Podgorica, 20 November 2017 – More than half of Montenegrin journalists believe that their economic situation has weakened considerably in the last year, and it has improved significantly for only 6% of them, it is shown in a study titled “The Indicators of the Level of Media Freedom and the Security of Journalists”, presented by the Montenegrin Media Union in the EU Info Centre.
The European Commission, in its report for 2016, assessed that Montenegro had not made any progress in the field of the media. The representative of the EU Delegation to Montenegro, Patrick Schmelzer, said that the research carried out by the Media Union was important for the European Commission
“Freedom of expression and of the media make up one of the European Union’s fundamental values and a crucial element of Montenegro’s EU accession process. An independent, pluralistic and strong media are the cornerstones of any democratic society, as was underlined at the EU–Western Balkans Media Days conference in Tirana,” said Schmelzer.
One of the authors of the report and the president of the Media Union, Marijana Camovic, said that the survey, which was conducted for the purpose of research, showed that the earnings of journalists continue to be substantially less than the average salary at the state level, and that more than half of the respondents (54.7%) receive less than €500 per month. The spotlight was put on MONSTAT’S data showing that the number of media employees had increased by 130 in 2016.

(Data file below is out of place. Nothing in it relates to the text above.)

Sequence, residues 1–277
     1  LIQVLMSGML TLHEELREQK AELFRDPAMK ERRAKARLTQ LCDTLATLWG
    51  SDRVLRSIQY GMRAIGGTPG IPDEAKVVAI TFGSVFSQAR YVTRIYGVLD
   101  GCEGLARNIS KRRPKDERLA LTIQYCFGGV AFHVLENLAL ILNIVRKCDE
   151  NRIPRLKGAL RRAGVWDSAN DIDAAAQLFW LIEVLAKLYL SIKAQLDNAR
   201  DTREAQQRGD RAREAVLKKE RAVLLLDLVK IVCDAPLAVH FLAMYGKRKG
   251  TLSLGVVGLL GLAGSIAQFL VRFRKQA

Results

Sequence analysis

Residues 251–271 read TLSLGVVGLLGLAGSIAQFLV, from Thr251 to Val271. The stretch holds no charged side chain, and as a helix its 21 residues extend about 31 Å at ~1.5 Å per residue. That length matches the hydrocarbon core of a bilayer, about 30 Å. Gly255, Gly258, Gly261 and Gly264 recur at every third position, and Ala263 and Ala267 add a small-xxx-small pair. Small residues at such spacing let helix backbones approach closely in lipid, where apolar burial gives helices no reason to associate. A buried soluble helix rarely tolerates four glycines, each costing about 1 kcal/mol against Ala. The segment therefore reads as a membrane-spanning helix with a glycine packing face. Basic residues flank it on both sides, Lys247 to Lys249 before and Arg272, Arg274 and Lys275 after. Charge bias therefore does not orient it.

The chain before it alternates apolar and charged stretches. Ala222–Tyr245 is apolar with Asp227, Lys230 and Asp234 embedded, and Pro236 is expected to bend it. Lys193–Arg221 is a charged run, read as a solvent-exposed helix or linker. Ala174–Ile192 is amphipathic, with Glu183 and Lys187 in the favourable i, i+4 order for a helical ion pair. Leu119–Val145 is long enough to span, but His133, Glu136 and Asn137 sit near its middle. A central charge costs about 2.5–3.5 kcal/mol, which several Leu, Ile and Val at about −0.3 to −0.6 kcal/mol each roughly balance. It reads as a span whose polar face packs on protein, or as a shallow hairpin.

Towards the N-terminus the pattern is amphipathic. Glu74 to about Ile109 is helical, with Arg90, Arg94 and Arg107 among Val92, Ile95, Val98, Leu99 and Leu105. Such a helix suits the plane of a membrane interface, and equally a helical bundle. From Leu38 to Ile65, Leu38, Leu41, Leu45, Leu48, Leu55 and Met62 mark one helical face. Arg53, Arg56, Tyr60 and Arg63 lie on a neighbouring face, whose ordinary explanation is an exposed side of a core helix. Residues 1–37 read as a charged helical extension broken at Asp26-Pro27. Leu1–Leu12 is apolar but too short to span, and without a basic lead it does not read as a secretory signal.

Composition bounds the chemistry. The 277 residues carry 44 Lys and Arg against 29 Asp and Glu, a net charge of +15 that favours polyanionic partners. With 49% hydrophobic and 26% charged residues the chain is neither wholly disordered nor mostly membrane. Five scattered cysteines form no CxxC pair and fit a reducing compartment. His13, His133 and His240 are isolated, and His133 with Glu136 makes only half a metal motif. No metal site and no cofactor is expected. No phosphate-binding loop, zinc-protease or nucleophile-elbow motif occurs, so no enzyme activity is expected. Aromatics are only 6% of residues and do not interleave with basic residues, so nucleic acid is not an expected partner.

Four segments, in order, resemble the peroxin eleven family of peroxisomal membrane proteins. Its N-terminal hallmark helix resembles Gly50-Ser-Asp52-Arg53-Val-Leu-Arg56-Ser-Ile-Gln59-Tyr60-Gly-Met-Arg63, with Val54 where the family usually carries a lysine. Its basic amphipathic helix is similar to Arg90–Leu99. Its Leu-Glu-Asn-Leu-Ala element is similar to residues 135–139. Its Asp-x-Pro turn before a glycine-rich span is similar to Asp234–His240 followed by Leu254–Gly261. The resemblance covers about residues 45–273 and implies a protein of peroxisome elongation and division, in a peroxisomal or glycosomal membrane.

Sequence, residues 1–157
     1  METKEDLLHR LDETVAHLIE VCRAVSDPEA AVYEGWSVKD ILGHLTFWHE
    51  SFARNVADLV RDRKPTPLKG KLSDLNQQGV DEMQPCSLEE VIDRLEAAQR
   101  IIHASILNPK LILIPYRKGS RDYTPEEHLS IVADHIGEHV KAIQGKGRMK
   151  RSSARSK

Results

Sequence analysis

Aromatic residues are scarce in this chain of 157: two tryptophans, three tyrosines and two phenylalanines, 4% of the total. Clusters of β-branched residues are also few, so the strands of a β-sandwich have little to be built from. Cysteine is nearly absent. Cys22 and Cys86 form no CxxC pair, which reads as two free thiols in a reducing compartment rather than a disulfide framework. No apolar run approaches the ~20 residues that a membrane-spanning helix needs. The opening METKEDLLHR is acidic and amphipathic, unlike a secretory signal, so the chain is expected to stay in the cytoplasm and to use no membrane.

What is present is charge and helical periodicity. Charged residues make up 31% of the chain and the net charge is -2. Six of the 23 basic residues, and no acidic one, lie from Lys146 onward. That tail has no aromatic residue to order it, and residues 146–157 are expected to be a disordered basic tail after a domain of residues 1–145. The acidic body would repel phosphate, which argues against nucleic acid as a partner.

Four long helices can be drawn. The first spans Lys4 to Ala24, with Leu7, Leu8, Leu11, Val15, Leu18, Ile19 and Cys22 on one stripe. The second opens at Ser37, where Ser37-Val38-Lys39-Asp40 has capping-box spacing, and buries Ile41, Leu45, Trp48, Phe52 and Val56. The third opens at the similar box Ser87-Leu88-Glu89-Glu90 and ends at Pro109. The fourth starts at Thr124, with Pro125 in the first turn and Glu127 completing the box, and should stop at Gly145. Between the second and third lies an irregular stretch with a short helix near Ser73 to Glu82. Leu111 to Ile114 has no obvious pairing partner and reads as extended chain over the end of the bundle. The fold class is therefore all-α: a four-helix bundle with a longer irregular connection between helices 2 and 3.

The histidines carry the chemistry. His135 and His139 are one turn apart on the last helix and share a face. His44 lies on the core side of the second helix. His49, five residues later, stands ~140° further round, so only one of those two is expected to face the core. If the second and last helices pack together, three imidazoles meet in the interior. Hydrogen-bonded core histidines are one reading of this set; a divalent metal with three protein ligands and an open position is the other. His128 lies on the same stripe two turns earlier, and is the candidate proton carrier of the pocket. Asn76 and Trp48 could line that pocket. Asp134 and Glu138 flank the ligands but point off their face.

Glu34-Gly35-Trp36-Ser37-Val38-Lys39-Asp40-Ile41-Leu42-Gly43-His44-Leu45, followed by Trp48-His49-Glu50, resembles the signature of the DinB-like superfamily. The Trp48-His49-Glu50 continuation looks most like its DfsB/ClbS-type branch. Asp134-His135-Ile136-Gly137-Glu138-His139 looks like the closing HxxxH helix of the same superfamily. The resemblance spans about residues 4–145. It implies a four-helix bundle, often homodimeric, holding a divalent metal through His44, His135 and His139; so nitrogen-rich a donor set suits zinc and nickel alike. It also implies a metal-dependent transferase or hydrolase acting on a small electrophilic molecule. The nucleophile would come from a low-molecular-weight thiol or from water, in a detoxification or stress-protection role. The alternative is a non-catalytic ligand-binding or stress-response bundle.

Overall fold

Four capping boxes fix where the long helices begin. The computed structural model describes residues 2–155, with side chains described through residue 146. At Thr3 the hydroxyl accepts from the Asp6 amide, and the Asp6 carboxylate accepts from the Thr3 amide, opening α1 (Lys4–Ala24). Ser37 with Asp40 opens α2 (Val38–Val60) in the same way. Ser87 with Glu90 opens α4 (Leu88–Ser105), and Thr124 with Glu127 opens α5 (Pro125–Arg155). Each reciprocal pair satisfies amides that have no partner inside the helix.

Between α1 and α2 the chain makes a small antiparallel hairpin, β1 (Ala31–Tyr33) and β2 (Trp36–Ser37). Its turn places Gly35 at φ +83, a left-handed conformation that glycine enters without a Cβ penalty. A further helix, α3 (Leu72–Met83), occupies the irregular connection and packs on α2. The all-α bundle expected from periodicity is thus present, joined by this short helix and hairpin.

“According to the data provided by directors, there were 11 leading media outlets last year, who employed only 39 people, and it remains unclear how MONSTAT came up with the figure of 130,” said Camovic.
Camovic also presented data on cases of attacks on journalists. From September 2016 to mid-July 2017, seven such events were recorded at the Police Directorate, and most of them were classified as offences.
Bojana Lakovic, who is also an author of the report, said that the bad economic position of journalists in Montenegro is reflected in the fact that 31.3% of respondents were forced to do another paid job as well, which is a 13% growth compared to the previous year.
Lakovic announced that almost 8% of journalists have the status of contractor, while about 11% of respondents are employed on a temporary contract. Also, more than half of respondents claim that their economic situation worsened compared to last year.
“In addition to their economic difficulties, journalists also face problems when dealing with their professional status in editorial offices in their everyday work. More and more of them are overworked, especially because of the insistence that a journalist cover several areas and do other jobs,” Lakovic pointed out.
The research has also shown that the pressures to come up with sensational news stories are increasing. Lakovic said that in some media companies journalists face self-censorship, in the sense of knowing which topics can work and which interlocutors the editors prefer. According to the survey, media owners are increasing their influence over the work of journalists and that some politicians and businessmen are in a privileged position due to their closeness with the management of some media outlets.
The vice president of the Media Union, Radomir Krackovic, said that in some segments the media situation had worsened, and one of the most drastic examples is the employees at Radio Television Pljevlja, who went on strike because they were owed five months’ wages.
The research is part of the project “Regional Platform for Advocating for Freedom of the Media and Security of Journalists in the Western Balkans”, realised by the Media Union in Montenegro and five journalists associations from the countries of the region.